About six months ago, I hit a milestone. I turned 50. A few weeks before the big day, I received a letter from the non profit, social welfare organization AARP encouraging me to register so that I could take advantage of discounts and member benefits. The letter made me feel uncomfortable. I tore it up. I faced my upcoming birthday by making jokes with my other Gen-X friends about joining the American Association of Retired Persons.
Ha, me, an AARP member? Unfathomable. I am not ready for AARP. I am nowhere near retirement; I do not have white hair: I do not have aches and pains; I do not do jazzercise, nor travel around the country in an RV. At least not yet.
Am I brand stereotyping? You betcha.
Good news. AARP is working on changing their image.
The transformation started with a report commissioned by AARP about the impacts of aging on society. One of the key takeaways from a communications standpoint was that society has a negative understanding of aging and that new tools are needed to remove the stigma associated with life after 50.
In an effort to shift perceptions of its brand, AARP invested an estimated $25 million on a media campaign which launched at the Grammy Awards in 2013. The “Real Possibilities” campaign is anchored by a new slogan, integrating website tools, Facebook, Twitter, print and digital media spots that support a perception realignment of life after 50. This YouTube vignette featuring millennials, who meet active older adults, is really interesting.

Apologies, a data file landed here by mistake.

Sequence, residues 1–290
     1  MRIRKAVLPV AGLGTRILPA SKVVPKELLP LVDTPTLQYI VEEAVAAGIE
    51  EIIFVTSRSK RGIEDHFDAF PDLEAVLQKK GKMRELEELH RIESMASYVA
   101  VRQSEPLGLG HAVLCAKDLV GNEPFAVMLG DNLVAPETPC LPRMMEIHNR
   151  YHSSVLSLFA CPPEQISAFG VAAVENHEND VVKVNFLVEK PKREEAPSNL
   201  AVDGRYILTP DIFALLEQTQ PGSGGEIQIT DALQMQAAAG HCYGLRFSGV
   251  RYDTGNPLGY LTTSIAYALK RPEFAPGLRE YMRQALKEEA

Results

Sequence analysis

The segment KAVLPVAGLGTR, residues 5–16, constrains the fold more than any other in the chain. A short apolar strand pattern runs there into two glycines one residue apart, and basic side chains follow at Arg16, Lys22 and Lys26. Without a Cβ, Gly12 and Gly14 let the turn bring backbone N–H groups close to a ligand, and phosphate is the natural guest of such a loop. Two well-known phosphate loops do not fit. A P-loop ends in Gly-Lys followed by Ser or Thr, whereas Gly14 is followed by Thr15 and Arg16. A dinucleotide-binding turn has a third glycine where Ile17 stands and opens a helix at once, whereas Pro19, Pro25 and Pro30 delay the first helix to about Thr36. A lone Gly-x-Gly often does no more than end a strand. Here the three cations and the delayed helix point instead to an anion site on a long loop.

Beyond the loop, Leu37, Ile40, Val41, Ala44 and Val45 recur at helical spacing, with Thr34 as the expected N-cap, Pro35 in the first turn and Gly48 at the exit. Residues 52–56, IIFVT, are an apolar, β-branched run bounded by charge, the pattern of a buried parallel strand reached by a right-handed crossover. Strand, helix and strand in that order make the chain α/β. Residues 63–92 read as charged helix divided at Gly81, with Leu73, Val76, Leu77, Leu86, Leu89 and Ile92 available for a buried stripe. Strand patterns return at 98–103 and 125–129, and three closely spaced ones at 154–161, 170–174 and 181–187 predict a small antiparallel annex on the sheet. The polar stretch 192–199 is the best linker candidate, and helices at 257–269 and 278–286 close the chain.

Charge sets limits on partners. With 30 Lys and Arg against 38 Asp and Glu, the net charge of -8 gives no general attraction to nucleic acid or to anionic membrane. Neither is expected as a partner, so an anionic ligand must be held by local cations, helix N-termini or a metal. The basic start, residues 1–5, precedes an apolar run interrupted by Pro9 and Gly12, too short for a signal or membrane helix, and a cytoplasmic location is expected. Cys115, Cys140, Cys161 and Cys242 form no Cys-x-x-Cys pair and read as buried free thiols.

The company aims to re-position as an ally in aging and empowerment. The re-branded acronym is now “An Ally for Real Possibilities.” They are also moving away from A-A-R-P to just “arp” (rhymes with harp).
Under the leadership of CEO Jo Ann Jenkins, the organization is working to improve their image and promote that age is just a state of mind. According to Jenkins, people need to stop worrying about getting old and instead think about living.
This is a concept that I can sink my teeth into. After all, I am currently in the middle of a graduate program at USC’s Annenberg School for Communication and Journalism. I am eager for positive messages about life after 50. I want to be a part of an organization that will help me re-calibrate into the next chapter of my life. It’s very appealing to be “Active”,”Appreciated”, “Rewarded” and “Positive” about the future. I think I will join. Can you imagine the possibilities?!